He then was immediately sent to the Golan, where his father was also fighting, unbeknownst to each other at the time. Afterward, his father visited him and said that when he fought in 1948, “he couldn’t dream he would have to fight beside his only son and to be so worried.”
Ben-Reuven said he does not dream like that, because he knows his children will continue to experience war “because this is our life.”
The military’s most important job, he said, is to try and prevent war because “war is tragedy.
“I an doing whatever I can to prevent war. In our area it is very difficult,” he observed.
For the battle-tested general, what got to him emotionally was having to pick up tiny gas masks soon after his children were born. “It is very difficult. Even for a general.”
He noted that the last time Israel fought an actual army was in 1973, and each war has a different set of parameters and needs different solutions. Places like ILI teach the tools to enable leaders to come up with the right answer to a particular situation. “That’s why this institution is so unique.”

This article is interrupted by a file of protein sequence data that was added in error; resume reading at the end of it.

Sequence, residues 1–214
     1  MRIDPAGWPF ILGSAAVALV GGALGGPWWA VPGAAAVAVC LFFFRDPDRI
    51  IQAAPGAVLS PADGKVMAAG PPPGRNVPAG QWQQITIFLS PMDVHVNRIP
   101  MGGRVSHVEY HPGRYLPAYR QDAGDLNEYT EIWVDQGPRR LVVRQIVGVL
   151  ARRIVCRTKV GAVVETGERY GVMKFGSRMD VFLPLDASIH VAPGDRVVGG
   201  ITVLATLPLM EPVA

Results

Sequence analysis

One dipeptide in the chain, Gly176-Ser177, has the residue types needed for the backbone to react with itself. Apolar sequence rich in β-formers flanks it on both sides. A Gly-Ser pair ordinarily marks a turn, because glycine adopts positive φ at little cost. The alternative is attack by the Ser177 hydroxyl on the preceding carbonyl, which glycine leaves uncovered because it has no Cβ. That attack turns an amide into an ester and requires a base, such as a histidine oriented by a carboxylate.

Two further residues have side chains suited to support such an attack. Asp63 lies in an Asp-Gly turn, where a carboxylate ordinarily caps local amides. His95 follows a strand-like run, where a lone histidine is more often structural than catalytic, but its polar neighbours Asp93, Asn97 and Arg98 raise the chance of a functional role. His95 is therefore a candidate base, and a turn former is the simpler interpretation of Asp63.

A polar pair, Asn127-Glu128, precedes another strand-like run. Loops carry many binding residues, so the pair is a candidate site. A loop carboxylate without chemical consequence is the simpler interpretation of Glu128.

The Huntsville event will start at 7 p.m. on March 25 at the Von Braun Center. The evening will “honor and celebrate” the history of Alabama’s relationship with Israel, including the 1943 resolution.
Buhler said the event will use the state’s history with Israel to “inspire us to great things going forward.”
It will also be the formal kickoff of the “People’s Resolution of Reaffirmation and Renewed Commitment in Our Generation” of the 1943 resolution.
The evening will include political and religious leaders from across the state, and there will be an Alabama-Israel State Leadership Roundtable the next day.